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Surviving and Thriving (see below)
EMS Event Teaches the Benefit of Quick Response

web_save a lifeSurviving and Thriving: EMS event teaches benefit of quick response

Their stories are different: a dek hockey player working on a hat trick; a delivery driver loading items as he kicked off a day’s work; a husband stacking mulch into the bed of his truck.

The three men, though, possess a shared experience in 2019: they each suffered sudden cardiac arrest.

Through the quick work of Township police and EMS teams, as well as those around them, the trio survived.

Those responders, as well as the survivors themselves, were honored in November during the Save-A-Life Saturday event, held annually in the Township’s Municipal Center. 

According to Ted Fessides, Chief and Executive Director of Cranberry Township EMS, the organization began holding the event in 2012 to train residents on compression-only CPR. Through that training, they are taught to identify someone experiencing cardiac arrest and how to help until authorities arrive. That act can improve a person’s survival rate from 11 to 50 percent.

For the three survivors, what began as normal activities quickly turned into panic. 

Richard Ross can attest. He had scored a few goals for his dek hockey team before skating to the bench. There, he collapsed, and emergency crews were called. 

Before they could arrive, Bryan Conforto stepped in. Having given up goals to Ross earlier that night as the opposing team’s goalie, he put jersey color aside and began CPR. 

Ross has made a full recovery and has even returned to the rink. His team’s name carries a subtle nod to his experience: Creeping Death.

The pair were given a special gift from the UPMC Lemieux Sports Complex for their sportsmanship and life-altering bond.

For Richard Holzer, catching up on yard work on a hot July day had him feeling dizzy. 

That dizziness worsened, and he collapsed to the ground while loading mulch at a Township store. Nearby, an off-duty Josh Rader, who serves as a firefighter for the Harmony Volunteer Fire Department, rushed to his aid. Holzer’s wife, Debra, helped perform CPR until EMS arrived.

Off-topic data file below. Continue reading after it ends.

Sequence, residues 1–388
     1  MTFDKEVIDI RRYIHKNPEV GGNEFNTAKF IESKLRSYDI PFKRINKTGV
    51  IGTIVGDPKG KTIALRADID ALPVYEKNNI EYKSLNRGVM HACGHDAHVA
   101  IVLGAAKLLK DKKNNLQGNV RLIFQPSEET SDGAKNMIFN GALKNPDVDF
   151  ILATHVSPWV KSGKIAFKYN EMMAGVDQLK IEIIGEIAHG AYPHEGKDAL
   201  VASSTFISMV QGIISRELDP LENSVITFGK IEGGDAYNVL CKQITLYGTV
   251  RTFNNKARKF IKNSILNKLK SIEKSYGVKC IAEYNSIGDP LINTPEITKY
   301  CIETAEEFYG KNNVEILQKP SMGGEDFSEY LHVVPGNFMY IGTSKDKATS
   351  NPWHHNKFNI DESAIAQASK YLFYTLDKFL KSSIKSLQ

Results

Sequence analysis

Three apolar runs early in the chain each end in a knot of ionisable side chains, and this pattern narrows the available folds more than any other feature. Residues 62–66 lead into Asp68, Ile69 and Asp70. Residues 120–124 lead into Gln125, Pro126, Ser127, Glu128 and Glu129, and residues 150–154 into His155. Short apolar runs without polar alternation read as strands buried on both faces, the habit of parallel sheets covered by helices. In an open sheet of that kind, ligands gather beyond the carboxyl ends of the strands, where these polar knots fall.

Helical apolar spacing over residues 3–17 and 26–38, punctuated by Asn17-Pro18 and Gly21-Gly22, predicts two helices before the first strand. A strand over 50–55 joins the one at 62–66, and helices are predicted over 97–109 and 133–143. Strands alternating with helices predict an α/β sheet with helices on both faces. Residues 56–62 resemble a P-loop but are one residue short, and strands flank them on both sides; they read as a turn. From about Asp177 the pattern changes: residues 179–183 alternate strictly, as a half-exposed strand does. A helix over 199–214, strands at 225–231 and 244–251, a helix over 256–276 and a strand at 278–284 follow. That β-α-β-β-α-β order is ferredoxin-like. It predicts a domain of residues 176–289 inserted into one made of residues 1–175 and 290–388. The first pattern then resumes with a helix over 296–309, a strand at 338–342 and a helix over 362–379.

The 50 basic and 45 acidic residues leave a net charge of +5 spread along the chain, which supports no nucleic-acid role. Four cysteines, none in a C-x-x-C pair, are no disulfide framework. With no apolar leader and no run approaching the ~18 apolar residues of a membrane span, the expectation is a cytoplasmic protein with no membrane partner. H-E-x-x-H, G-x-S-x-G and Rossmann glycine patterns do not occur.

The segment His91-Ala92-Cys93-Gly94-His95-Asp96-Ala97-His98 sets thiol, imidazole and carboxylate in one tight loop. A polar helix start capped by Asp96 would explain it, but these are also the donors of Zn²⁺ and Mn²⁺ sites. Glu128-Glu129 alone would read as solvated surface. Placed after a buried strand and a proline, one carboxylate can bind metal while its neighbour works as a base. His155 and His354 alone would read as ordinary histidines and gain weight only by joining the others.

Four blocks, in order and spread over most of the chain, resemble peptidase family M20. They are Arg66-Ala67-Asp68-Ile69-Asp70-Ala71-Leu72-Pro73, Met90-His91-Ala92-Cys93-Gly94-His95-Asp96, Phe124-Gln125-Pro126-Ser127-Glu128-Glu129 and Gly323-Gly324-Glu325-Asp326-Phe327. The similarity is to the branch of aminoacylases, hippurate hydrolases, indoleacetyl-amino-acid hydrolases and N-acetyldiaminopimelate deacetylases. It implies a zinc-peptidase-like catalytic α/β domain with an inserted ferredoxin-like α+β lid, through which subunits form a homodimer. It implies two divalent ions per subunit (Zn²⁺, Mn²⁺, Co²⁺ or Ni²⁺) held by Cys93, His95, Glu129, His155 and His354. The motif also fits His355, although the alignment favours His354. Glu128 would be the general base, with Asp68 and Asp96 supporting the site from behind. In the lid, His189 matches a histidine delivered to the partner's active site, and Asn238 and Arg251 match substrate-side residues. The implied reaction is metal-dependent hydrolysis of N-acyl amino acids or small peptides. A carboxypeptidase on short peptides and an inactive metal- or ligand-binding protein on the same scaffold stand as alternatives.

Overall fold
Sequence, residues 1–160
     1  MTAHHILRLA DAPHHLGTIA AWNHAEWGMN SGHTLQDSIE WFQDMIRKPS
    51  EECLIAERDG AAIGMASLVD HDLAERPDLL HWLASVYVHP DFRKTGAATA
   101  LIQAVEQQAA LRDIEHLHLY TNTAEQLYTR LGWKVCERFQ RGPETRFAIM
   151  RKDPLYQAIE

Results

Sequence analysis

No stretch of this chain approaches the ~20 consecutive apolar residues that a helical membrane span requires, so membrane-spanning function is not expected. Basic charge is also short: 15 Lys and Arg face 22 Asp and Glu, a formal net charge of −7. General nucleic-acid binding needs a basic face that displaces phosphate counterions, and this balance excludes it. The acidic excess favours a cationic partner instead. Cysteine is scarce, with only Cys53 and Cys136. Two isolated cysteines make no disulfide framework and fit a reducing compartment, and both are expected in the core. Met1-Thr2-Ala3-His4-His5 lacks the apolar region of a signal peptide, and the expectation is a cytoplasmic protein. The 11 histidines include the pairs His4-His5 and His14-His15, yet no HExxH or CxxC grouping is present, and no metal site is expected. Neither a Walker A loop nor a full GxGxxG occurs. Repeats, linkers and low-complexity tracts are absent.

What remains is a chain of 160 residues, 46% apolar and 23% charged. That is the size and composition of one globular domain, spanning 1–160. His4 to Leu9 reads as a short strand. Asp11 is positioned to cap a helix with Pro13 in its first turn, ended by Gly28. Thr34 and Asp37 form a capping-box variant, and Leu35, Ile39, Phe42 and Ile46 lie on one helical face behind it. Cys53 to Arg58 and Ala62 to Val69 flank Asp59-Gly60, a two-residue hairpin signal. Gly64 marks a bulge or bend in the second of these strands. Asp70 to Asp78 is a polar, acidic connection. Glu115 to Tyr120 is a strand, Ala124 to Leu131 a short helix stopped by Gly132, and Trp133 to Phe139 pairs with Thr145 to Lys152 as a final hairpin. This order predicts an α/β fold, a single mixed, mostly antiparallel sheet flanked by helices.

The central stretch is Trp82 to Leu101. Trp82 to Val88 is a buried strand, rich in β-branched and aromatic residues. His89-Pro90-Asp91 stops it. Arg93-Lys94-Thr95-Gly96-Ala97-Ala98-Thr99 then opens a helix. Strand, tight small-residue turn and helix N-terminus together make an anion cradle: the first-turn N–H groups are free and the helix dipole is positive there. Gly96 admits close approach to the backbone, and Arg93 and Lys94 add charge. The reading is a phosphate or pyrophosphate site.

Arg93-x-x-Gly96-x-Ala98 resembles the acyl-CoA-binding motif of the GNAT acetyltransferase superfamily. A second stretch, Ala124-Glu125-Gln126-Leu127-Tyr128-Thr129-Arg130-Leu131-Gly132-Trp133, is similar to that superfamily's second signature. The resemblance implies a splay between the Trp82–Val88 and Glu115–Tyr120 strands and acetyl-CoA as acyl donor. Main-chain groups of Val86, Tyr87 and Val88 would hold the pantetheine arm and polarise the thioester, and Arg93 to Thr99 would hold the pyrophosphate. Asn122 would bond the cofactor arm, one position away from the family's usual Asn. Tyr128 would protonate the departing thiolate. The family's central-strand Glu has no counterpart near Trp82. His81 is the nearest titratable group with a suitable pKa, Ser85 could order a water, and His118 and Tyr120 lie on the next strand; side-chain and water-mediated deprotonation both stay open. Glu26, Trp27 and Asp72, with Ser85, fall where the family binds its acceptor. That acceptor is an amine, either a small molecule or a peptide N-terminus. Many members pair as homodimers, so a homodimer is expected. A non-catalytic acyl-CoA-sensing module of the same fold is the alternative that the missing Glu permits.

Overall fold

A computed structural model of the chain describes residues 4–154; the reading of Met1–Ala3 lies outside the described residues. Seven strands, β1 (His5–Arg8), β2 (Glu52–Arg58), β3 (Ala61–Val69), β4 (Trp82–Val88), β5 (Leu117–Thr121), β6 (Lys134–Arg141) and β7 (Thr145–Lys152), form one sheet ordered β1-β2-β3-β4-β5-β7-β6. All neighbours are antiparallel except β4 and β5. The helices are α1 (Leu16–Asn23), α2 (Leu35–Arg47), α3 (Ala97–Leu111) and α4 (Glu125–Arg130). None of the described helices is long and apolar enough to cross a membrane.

The couple have been married for 45 years and have “a great life together,” Holzer noted as he quietly thanked those who helped him. 

Meanwhile, it was a case of “right place, right time” for Gary Lucente.

He, too, felt dizzy as he loaded his work truck for a day of deliveries. He attempted to lower himself to the ground gently but collapsed. His co-workers called for help, but a nurse who happened to be nearby came to his aid and started CPR. 

The 70-year-old Lucente was emotional in thanking those who helped him. It was an emotional day for his family as well, including daughter, Elissa Mimran, and grandson, Vincent. Mimran said she’s thankful he’s around to spend time with his grandchildren.

Vincent agreed. “Thank you everyone for saving my pappy,” he said.

Township police officers receiving commendation include Officers Randall Bauer, Jeremy Norton, Michael Weleski, Joshua Shimko, William Wilson and Cpl. William Och.

Members of the Township EMS receiving accolades were EMTs Alyse Saylor, Curt Huffman, Shawn MacIntyre; Paramedics Scott Garing Jr., Jeremy Nickl, Matthew Nickl, Kaitlyn Finneral, Ryan Mann, Nicole Dambaugh and Brian Dambaugh.